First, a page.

Fermentation- Principle, Types, Applications, Limitations


  • Fermentation is one of the ancient food processing technologies.
  • Fermentation is defined as a  process in which chemical changes occur in an organic substrate through the action of enzymes produced by microorganisms. 
  • For example, yeast enzymes convert sugars and starches into alcohol, while proteins are converted to peptides/amino acids.
  • Fermentation takes place in the lack of oxygen that produces ATP (energy).
  • It turns NADH and pyruvate produced in the glycolysis step into NAD+ and various small molecules depending on the type of fermentation.
  • The fermenting microorganisms mainly involve L.A.B. like Enterococcus, Streptococcus, Leuconostoc, Lactobacillus, and Pediococcus and yeasts and molds like Debaryomyces, Kluyveromyces, Saccharomyces, Geotrichium, Mucor, Penicillium, and Rhizopus species.

Fermentation- Principle, Types, Applications, Limitations

Principle of fermentation

  • The main principle of fermentation is to derive energy from carbohydrates in the absence of oxygen.
  • Glucose is first partially oxidized to pyruvate by glycolysis. 
  • Then pyruvate is converted to alcohol or acid along with regeneration of NAD+ which can take part in glycolysis to produce more ATP.
  • Fermentation yields only about 5% of the energy obtained by aerobic respiration.

Principle of fermentation

Flowchart: Generalized pathways for the production of some fermentation end products from glucose by various organisms.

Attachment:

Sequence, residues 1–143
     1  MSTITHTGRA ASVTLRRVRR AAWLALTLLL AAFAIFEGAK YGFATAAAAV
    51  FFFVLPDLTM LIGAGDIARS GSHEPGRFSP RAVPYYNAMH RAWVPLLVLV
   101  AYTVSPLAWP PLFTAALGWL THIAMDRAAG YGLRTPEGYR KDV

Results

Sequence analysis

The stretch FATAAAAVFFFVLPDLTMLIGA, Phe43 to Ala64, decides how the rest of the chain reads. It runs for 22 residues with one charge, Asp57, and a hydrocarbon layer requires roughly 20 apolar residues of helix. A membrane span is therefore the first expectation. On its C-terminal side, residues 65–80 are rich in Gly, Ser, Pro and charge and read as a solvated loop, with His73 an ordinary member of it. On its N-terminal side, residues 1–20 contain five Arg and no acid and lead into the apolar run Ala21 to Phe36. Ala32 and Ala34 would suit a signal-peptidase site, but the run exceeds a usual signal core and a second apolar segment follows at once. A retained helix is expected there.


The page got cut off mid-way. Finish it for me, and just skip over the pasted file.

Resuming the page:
• Fermentation is an anaerobic biochemical process that is used for the production of energy from the partial oxidation of glucose or other carbon sources.
  • The oxidation of the substrate, which occurs through the Embden–Meyerhoff (EMP) or Entner–Doudoroff(ED) pathways, results in the production of pyruvate, ATP, and NAD (P) H.
  • In the absence of external electron acceptors, the pyruvate undergoes reduction with the regeneration of NAD+(P).
  • This step is essential for the fermentation process to progress and it leads to the production of products (ethanol and organic acids).
  • ATP is the main product of fermentation, and it is generated by phosphorylation at the substrate level.
  • NADH is then re-oxidized, reverting to NAD+ in the second phase of fermentation that reduces pyruvate to the fermentation product, such as ethanol and lactate.
  • For example, in the fermentation of glucose by Streptococcus lactis, the pyruvate is converted to lactic acid to reform NAD+ coenzymes so two ATP molecules are produced
  • In yeasts like Saccharomyces, when pyruvate is converted to ethyl alcohol (ethanol), NAD+ is reformed.

Types of fermentation

1. Lactic acid homofermentation

 Glucose → Lactic acid

  • Homolactic fermentation is carried out by bacteria belonging to the genera Lactococcus, Enterococcus, Streptococcus, and Pediococcus, and by some species of the genus Lactobacillus.
  •  Homofermentative LAB ferment glucose to lactic acid. 
  • Lactococcus spp. is used in the dairy starter culture.

2. Lactic acid heterofermentation

Glucose → Lactic acid + Acetic acid + Ethyl alcohol + 2CO2 + H2O

  • Heterolactic fermentation is carried out by bacteria of the genera Leuconostoc, Oenococcus, and Weissella, and by heterofermentative lactobacilli.
  • Heterofermentative LAB ferment glucose with lactic acid, ethanol/acetic acid, and carbon dioxide (CO2 ) as by-products. 

3. Propionic acid fermentation

Glucose → Lactic acid + Propionic acid + Acetic acid + CO2 + H2O

  • Propionic acid fermentation is carried out by several bacteria that belong to the genus Propionibacterium and the species Clostridium propionicum